The reply, from AIP executive director Marc Brodsky, stated, "AIP has taken the routes available to it to help hard-pressed libraries...." (ibid.) In short, he focused on pricing and business competition rather than explain the 25-year old unarticulated (therefore secret) policy of silence that impacts present and future members, students, and the sponsors of research.

There is more such evidence:

Why have scientific societies withheld using their influence to support library funding, to reform indirect library costs, and to solve the library crisis? What happened to assessment and accreditation? Why have they kept their reasoning secret? Why have government agencies not intervened?

The societies appear to be preoccupied with an often bitter competition for academic library business and for papers (Henderson 1998; Henderson 1997). Perhaps they harbor some hope that academic libraries and authors will give them a monopoly over all research in an apocalyptic shakeout over price-per-kiloword. Perhaps they believe an economically discouraging market may stop young talent from straying and starting new journals, financed by commercial interests, that siphon important papers away from association editors. This sort of anticompetitive solution would sacrifice customers - libraries, researchers, and research sponsors - principles, and progress.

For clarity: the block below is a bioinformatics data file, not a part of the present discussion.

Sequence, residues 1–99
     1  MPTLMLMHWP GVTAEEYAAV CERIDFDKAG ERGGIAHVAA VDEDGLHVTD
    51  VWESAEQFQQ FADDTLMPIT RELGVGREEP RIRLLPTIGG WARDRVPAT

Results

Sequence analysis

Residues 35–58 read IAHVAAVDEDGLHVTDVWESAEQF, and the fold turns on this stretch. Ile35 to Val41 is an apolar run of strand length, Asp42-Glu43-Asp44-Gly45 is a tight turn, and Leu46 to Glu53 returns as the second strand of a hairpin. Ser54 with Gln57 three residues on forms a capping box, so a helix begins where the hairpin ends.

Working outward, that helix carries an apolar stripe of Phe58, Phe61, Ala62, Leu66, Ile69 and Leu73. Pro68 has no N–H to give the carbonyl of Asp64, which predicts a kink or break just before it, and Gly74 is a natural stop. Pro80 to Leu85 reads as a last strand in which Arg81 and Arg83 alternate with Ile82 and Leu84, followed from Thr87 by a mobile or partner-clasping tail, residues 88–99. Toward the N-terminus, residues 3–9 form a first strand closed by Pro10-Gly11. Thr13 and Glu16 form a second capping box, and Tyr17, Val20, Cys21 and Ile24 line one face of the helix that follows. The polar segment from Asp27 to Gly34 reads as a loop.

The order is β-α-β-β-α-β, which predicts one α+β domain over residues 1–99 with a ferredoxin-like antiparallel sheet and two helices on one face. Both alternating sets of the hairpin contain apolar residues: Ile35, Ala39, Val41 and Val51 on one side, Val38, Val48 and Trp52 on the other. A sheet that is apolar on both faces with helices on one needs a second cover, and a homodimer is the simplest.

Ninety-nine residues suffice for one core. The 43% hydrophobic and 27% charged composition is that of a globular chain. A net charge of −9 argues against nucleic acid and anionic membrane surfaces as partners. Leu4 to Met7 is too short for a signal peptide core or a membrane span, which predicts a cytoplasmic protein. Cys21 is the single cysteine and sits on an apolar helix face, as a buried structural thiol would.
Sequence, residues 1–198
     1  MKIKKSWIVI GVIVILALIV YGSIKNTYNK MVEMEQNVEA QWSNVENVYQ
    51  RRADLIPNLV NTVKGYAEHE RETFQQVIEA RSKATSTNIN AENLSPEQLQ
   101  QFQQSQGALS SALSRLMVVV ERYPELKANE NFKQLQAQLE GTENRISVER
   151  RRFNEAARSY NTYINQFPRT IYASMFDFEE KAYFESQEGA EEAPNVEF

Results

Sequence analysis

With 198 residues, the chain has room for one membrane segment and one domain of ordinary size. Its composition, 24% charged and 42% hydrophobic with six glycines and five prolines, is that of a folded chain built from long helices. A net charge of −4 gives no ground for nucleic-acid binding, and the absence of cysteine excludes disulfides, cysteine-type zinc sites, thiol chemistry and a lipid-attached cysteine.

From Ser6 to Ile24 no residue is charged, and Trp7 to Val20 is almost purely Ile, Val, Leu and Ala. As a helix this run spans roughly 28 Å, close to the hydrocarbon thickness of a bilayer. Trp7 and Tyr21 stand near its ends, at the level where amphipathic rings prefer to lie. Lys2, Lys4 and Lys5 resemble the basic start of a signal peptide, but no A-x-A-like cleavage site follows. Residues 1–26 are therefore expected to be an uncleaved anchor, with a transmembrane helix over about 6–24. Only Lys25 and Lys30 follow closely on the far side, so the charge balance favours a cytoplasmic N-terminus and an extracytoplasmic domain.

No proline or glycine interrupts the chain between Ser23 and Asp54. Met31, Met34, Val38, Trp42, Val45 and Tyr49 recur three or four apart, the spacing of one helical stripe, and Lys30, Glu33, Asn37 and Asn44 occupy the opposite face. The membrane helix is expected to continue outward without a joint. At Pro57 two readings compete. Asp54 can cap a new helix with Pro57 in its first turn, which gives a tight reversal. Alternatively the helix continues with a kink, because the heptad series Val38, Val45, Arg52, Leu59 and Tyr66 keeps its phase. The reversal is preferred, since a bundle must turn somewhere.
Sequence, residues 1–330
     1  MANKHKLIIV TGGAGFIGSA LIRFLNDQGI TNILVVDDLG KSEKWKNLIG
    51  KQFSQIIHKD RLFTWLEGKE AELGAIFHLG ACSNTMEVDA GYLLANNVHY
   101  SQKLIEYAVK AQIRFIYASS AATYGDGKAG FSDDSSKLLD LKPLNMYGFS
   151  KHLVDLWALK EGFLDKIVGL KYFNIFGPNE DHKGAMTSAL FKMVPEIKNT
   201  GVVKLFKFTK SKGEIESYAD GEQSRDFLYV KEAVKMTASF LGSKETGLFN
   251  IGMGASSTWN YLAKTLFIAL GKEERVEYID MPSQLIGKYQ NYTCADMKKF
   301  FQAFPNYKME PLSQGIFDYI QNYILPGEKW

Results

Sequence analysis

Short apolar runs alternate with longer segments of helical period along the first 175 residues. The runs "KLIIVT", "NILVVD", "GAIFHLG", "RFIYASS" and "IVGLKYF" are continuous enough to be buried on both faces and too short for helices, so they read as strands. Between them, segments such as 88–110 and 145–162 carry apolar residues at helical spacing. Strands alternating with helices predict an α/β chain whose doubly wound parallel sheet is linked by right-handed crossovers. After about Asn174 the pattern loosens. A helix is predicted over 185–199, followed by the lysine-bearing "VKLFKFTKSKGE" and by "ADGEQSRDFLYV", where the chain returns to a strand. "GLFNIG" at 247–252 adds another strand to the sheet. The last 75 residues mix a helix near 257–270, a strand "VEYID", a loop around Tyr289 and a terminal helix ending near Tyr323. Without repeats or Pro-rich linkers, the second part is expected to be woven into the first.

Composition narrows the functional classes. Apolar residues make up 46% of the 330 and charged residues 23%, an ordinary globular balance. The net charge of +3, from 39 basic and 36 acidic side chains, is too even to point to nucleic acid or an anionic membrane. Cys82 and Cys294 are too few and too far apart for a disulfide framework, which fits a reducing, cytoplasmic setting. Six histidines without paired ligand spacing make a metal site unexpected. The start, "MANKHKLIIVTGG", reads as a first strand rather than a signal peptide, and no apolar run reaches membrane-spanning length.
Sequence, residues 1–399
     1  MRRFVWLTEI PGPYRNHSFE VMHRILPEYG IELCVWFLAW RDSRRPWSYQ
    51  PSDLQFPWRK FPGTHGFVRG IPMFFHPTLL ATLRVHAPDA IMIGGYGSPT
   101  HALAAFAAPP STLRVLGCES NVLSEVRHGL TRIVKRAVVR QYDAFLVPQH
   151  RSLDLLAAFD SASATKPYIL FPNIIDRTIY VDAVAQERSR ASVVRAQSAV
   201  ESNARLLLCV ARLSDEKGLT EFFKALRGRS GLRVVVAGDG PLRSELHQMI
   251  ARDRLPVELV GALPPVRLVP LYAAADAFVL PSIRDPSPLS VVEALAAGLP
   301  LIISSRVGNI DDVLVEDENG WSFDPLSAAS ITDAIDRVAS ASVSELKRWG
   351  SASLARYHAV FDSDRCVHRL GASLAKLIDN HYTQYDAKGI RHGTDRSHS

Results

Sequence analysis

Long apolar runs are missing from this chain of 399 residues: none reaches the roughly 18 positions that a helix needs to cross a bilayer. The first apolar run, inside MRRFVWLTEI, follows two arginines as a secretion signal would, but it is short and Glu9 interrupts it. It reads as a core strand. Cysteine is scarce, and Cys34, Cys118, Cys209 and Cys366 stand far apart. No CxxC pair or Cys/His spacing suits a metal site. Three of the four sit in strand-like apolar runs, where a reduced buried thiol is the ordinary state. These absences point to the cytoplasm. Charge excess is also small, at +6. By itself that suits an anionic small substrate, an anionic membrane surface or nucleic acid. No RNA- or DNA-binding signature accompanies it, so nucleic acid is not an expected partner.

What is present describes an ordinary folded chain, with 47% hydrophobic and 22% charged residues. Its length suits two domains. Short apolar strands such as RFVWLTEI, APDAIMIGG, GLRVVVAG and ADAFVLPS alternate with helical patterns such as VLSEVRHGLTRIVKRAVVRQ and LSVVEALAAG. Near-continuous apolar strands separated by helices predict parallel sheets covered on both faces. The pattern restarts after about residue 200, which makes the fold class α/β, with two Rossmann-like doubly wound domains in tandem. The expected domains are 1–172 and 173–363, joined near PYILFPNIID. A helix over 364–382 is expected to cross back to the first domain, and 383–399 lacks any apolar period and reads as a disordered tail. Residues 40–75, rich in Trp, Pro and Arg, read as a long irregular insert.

In short, an "honest assessment" is unlikely until the societies explain themselves with candor.